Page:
Yesterday’s big Ben Bernanke press conference made one thing abundantly clear: the Fed is not about to embark on any aggressive program to bring down the level of joblessness.
Why not? With unemployment at nearly nine percent, there can be little doubt that we are currently experiencing a jobs crisis. Shouldn’t the Fed be doing more?
I suspect the answer is that Bernanke doesn’t believe the Fed can do more. He likely understands that if the Fed were to continue to engage in aggressive monetary easing—stoking fears of inflation—joblessness would actually increase.
This is the key statement from Bernanke: “I think that even purely from an employment perspective, that if inflation were to become unmoored and inflation expectations were to rise significantly, that the cost of that in terms of employment loss in the future as we had to respond to that would be quite significant.”
The problem Bernanke was alluding to is monetary easing may lead to increased expectations of rising prices—even in an economic environment where core inflation remains low. And when inflation expectations get out of sync with actual inflation, this can have a devastating impact on jobs and the economy.
The mechanism for this is fairly straightforward. Say the Fed launches a third round of quantitative easing, injecting more money into the economy by purchasing securities. This new money is mildly inflationary—but, like previous rounds of easing, the Fed makes sure that it doesn’t inject so much money into the economy that prices rapidly shoot upward.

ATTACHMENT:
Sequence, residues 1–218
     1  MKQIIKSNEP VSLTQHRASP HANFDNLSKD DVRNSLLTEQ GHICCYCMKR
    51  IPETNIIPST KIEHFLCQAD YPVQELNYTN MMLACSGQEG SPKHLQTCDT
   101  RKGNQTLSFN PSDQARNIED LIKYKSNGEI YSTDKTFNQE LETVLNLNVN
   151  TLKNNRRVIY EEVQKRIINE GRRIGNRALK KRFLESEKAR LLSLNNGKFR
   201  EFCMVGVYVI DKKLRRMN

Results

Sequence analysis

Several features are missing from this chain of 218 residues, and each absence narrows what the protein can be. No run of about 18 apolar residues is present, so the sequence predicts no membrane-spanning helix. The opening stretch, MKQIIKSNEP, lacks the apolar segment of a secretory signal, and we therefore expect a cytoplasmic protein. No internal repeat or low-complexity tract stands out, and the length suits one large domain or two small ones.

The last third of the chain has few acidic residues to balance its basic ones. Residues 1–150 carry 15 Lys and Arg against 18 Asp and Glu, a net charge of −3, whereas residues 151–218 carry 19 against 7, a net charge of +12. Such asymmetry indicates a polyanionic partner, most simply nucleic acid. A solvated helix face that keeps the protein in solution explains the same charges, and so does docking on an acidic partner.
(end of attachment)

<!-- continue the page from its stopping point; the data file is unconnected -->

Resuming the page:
The public, however, might come to the conclusion that the Fed has gone too far and is creating the conditions for inflation. Workers anticipating higher prices will demand higher wages to compensate. If the rise in the price of labor exceeds the actual rise in the supply of money, businesses will be forced to lay workers off.
This is not just a theoretical possibility. It actually occurred in the 1970s in Brazil. Inflation was running at a rate of around 75 percent.
Workers, naturally, were demanding steep wage increases just to keep up with rising prices. When policy-makers sought to bring down inflation to around 45 percent, unemployment sharply rose. This was the totally predictable consequence of a monetary policy that attempts to keep inflation below the level widely anticipated.
And we're already seeing some of this thanks to earlier rounds of easing. Many people are convinced that prices are rising much faster than government statistics reveal.
What Bernanke wants to avoid is any policy that will raise expectations of inflation. Think about what would happen if inflation expectations rise beyond those justified by monetary policy. In that circumstance, the Fed would have to adopt one of two bad policies.
1. Increase the level of monetary easing to allow actual inflation to catch up with inflation expectations. But this might not be possible.
More easing could further heighten inflation expectations—requiring even more actual inflation. This is how central bankers can trap themselves into an inflationary spiral.
2. The alternative is to refuse to inflate to meet expectations—producing the Brazilian problem of rising wages and rising unemployment.
Far better—in Bernanke’s view—to keep inflation expectations from rising than to have to engineer a monetary policy in an economy that anticipates rapidly rising prices. And, right now, that means that the Fed can’t do more to fight unemployment.
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